Wildfire Preparedness

While we have been extremely fortunate concerning the risk for wildfire to date, things could change rapidly with dry, hot weather. Now is the time to inventory your home environment to see what wildfire risks you can mitigate against.  To that extent, the following information was taken from the National Fire Protection Agency on wildfire preparedness. Additional information about the wildfires and the Firewise program can be found at the NFPA website:

1. HOME IGNITION ZONES:  To increase your home’s chance of surviving a wildfire, choose fire-resistant building materials and limit the amount of flammable vegetation in the three home ignition zones. The zones include the Immediate Zone: (0 to 5 feet around the house), the Intermediate Zone (5 to 30 feet), and the Extended Zone (30 to 100 feet).

2. LANDSCAPING AND MAINTENANCE:  To reduce ember ignitions and fire spread, trim branches that overhang the home, porch, and deck and prune branches of large trees up to 6 to 10 feet (depending on their height) from the ground. Remove plants containing resins, oils, and waxes. Use crushed stone or gravel instead of flammable mulches in the Immediate Zone (0 to 5 feet around the house). Keep your landscape in good condition.

3. ROOFING AND VENTS:  Class A fire-rated roofing products, such as composite shingles, metal, concrete, and clay tiles, offer the best protection. Inspect shingles or roof tiles and replace or repair those that are loose or missing to prevent ember penetration. Box in eaves, but provide ventilation to prevent condensation and mildew. Roof and attic vents should be screened to prevent ember entry.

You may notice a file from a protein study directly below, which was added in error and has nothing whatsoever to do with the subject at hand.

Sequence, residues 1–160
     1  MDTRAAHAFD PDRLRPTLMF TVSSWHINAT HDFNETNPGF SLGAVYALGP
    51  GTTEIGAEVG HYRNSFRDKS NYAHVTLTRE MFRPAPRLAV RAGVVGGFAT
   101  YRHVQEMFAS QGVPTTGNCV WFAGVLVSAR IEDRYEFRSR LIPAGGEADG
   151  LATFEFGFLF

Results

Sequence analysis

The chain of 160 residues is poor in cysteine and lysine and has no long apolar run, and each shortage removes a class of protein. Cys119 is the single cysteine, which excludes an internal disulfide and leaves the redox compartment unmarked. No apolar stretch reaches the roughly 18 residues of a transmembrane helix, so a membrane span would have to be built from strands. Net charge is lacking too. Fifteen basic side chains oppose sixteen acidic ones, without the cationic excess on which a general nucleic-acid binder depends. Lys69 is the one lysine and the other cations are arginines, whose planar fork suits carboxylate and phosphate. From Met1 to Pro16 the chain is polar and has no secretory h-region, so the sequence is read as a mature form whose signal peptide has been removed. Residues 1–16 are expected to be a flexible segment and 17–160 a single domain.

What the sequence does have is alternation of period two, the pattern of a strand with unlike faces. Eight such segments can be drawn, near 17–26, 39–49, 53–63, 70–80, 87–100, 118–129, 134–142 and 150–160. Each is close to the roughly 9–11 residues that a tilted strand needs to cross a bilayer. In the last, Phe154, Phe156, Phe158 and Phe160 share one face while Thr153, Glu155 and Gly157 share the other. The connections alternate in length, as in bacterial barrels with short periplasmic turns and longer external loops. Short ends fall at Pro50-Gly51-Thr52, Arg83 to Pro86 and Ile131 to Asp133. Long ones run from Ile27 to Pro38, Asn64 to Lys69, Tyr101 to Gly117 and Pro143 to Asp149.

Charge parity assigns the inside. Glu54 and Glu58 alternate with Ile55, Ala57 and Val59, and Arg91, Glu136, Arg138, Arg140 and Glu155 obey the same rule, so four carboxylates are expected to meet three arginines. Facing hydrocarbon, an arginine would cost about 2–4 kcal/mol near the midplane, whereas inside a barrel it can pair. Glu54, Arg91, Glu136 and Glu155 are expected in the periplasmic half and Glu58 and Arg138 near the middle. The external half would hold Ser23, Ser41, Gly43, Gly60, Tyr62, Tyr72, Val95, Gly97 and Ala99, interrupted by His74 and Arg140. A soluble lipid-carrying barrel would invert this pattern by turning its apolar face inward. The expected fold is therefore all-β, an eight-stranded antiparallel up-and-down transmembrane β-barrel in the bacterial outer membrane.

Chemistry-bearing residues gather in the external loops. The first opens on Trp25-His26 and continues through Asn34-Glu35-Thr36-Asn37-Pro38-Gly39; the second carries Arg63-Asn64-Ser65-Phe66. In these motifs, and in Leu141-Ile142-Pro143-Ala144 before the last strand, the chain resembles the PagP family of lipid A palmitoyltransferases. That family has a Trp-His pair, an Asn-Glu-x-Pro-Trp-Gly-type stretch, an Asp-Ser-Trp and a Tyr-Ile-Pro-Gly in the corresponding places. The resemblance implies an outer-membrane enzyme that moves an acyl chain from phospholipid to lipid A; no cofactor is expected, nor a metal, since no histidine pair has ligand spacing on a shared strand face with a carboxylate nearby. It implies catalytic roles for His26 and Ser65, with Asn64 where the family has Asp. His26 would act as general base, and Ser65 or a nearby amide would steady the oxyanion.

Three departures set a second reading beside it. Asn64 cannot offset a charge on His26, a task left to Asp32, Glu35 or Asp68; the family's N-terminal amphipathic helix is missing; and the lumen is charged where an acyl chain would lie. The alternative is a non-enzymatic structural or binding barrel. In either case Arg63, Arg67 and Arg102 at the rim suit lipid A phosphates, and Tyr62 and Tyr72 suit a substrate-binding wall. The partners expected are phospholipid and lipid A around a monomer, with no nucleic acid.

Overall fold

4. DECKS AND PORCHES:  Never store flammable materials underneath decks or porches. Remove dead vegetation and debris from under decks and porches and between deck board joints.

5. SIDING AND WINDOWS:  Embers can collect in small nooks and crannies and ignite combustible materials; radiant heat from flames can crack windows. Use fire-resistant siding such as brick, fibercement, plaster, or stucco, and use dual-pane tempered glass windows.

6. EMERGENCY RESPONDER ACCESS:  Ensure your home and neighborhood have legible and clearly marked street names and numbers. Driveways should be at least 12 feet wide with a vertical clearance of 15 feet for emergency vehicle access.


  • Develop, discuss, and practice an emergency action plan with everyone in your home. Include details for handling pets, large animals, and livestock.
  • Know two ways out of your neighborhood and have a predesignated meeting place.
  • Always evacuate if you feel it’s unsafe to stay—don’t wait to receive an emergency notification if you feel threatened from the fire.
  • Conduct an annual insurance policy checkup to adjust for local building costs, codes, and new renovations. n Create or update a home inventory to help settle claims faster.



Information concerning face coverings and other protective actions can be found on the Whatcom County Health Department Website.These Daily Briefings on Incidents, Advisories, Watches and Warnings, current weather and Emergency Management tips are published Monday through Friday, as well as during times of increased awareness or actual events.